Julian Marszalek , November 8th, 2011 06:49
Jim Reid and Douglas Hart give Julian Marszalek the low down on the making of one of the best rock albums of the 1980s, Psychocandy
The tension in the packed venue was not only palpable but also worrying. The date was September 9, 1985 and the Jesus And Mary Chain were scheduled to headline Camden’s Electric Ballroom, a date that was to be the culmination of a year of riots, violence and notoriously short sets that had been left in the band’s shambolic yet thrilling wake. That trouble was going to erupt was a given. With the release of Psycho!candy still two months away, the band’s music had only been tentatively revealed via a number of incendiary singles, most notably 1984’s ‘Upside Down’ and its follow-up, ‘Never Understand’. Swathed in feedback and all-out sonic terror, the noise that fuelled the singles somehow managed to compliment the melodies that lay at their heart.
As a live band, the Jesus And Mary Chain had garnered a reputation for frustratingly compact shows that were high on belligerence and low on musical competence. The riot that accompanied their gig at North London Polytechnic in March of that year did much to seal their reputation as the enfants terribles of the British rock scene and the threat, or rather the promise of ructions at their gigs, did much to make sure that their music became a secondary concern in favour of increasingly violent and terrifying concerts.
Arriving over an hour late at the Electric Ballroom, a drunken Jesus And Mary Chain played a 15-minute set of indeterminate white noise hampered by a faulty PA that added to painful din emanating from the stage. Having staggered from the stage, it wasn’t long before cans, glasses and bottles began to rain down upon the stage. At one point the lighting rig found itself loosened from its moorings as it hung ominously over a section of the audience towards the front of the venue. Soon, the stage had been mounted with disgruntled and drunken members of the audience smashing up the band’s equipment.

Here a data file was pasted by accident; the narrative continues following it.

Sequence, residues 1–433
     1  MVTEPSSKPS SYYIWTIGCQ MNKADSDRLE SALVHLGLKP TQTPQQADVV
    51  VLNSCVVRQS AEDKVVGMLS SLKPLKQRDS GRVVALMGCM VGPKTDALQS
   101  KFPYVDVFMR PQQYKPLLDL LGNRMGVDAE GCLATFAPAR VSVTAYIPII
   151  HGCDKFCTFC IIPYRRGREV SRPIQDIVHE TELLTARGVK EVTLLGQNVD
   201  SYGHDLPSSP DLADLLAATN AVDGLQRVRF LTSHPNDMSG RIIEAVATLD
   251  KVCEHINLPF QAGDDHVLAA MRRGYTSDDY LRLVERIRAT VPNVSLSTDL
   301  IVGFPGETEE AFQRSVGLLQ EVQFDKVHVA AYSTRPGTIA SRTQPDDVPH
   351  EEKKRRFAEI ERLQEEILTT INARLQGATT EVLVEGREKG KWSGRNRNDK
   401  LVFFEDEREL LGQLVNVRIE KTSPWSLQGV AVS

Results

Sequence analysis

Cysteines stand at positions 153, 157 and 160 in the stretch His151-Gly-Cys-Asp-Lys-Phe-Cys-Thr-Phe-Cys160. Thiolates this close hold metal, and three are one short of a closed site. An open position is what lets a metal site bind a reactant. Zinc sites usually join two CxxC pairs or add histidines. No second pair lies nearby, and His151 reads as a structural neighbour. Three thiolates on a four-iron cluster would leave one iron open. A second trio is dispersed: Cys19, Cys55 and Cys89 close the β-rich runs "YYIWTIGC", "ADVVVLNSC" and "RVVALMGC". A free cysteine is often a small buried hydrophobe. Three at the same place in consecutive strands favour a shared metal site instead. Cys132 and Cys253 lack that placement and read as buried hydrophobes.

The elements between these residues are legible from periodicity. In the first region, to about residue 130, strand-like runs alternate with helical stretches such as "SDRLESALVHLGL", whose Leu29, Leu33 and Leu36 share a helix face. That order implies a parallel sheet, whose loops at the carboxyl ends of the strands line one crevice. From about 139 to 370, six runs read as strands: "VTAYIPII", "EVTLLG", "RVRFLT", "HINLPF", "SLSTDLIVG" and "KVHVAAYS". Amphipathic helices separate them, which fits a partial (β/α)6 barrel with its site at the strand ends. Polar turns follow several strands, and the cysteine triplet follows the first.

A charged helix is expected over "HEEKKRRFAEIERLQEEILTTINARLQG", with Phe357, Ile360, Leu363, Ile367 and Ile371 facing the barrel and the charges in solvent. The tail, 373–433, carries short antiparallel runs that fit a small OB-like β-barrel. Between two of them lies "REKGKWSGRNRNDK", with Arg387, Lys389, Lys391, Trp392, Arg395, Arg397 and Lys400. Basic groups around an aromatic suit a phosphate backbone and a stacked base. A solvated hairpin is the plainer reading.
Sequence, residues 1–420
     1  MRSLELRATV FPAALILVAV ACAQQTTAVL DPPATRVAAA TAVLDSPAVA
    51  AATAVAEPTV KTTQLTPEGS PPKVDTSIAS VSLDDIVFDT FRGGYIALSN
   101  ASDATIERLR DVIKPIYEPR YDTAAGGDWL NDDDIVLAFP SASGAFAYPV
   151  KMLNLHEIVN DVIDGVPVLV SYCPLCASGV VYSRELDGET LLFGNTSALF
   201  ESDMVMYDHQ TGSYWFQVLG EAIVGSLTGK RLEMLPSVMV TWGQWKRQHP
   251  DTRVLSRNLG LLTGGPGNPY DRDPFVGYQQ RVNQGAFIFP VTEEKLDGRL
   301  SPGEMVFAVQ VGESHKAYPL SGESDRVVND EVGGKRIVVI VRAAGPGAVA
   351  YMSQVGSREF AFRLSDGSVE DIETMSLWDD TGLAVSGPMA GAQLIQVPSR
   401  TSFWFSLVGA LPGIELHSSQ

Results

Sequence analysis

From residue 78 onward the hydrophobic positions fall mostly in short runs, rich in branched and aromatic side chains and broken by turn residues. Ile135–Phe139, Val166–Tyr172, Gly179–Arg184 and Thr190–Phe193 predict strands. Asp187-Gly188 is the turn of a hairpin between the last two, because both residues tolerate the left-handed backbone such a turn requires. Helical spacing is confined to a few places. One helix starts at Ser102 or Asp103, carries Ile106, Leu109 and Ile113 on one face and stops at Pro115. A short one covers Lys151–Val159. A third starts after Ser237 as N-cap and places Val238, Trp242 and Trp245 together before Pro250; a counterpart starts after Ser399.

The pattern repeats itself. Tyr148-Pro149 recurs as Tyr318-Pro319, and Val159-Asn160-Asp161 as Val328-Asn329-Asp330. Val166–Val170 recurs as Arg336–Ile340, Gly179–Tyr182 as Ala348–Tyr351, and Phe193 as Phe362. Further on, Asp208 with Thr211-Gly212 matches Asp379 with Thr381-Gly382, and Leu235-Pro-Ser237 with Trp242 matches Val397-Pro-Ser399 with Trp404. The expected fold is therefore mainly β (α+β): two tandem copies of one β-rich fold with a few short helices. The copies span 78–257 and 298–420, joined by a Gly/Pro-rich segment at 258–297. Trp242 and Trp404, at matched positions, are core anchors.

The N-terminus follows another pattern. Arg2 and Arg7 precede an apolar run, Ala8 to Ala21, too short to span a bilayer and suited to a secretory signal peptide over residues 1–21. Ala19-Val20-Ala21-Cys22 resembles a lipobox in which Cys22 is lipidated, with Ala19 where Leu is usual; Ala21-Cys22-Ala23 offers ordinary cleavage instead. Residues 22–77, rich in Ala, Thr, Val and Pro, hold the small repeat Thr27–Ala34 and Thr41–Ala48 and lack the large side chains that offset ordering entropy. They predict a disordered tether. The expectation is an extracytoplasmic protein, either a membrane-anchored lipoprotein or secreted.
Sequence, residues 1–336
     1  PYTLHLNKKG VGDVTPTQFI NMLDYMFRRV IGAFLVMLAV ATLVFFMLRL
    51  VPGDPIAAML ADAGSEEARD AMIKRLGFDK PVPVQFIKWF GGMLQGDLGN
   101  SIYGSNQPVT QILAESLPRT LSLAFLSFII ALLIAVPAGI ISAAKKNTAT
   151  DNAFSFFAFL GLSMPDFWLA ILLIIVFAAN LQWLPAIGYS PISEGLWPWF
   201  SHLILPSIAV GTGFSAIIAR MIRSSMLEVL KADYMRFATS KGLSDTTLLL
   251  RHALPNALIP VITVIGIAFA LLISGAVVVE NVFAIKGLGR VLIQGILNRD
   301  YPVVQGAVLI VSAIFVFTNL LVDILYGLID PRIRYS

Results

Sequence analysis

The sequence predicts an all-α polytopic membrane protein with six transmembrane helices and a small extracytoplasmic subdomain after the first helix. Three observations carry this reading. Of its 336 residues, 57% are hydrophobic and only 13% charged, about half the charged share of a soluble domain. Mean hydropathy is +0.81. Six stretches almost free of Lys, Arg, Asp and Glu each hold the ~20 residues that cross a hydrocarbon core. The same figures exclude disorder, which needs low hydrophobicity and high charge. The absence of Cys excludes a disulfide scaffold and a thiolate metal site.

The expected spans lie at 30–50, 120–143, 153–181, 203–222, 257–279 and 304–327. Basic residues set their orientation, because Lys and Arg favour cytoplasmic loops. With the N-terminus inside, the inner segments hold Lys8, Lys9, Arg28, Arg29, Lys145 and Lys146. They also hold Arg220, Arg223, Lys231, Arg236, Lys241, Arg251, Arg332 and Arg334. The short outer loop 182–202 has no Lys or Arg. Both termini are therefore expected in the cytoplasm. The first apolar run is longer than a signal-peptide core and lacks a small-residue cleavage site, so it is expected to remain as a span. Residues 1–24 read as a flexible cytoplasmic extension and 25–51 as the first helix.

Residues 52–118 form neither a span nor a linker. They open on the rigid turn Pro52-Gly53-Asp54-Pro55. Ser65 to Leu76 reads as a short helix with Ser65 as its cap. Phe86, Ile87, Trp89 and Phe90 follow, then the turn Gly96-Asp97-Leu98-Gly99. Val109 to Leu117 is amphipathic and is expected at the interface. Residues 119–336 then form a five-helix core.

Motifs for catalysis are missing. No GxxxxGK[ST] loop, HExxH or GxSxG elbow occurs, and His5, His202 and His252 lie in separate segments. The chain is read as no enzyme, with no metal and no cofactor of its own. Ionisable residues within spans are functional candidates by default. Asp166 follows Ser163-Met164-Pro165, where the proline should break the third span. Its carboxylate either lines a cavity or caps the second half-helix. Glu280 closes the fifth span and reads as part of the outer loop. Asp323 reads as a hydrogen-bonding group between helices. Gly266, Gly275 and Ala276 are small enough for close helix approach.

“My overriding memory is of this guy standing on stage waving part of the lighting rig around,” recalls Quietus scribe Steve Jelbert. “It was simultaneously memorable and unmemorable. If you listen to a tape of it, the most interesting part of it is the riot because the music sounded fucking terrible.”
Unlike the well-organised and generally well-behaved gigs of the 21st century, concert going in the early 1980s were frequently fraught affairs. With tribalism at its height, punch-ups were a regular occurrence but there had been nothing like the mess that the Mary Chain had left behind. With their reputation preceding them, the Electric Ballroom was always going to end in tears but no one could have predicted just how violent this gig was going to be. Indeed, this writer, though a fan of the singles that had been released during the previous year, went with the intention of witnessing the trouble that was going to happen but didn’t expect anything quite on this scale. In addition the curious observers and voyeurs milling around the Electric Ballroom was a heavy contingent of squatters, people who’d dropped out of mainstream society in the wake of punk rock as well as some faces more at home fighting on football terraces rather than a gig.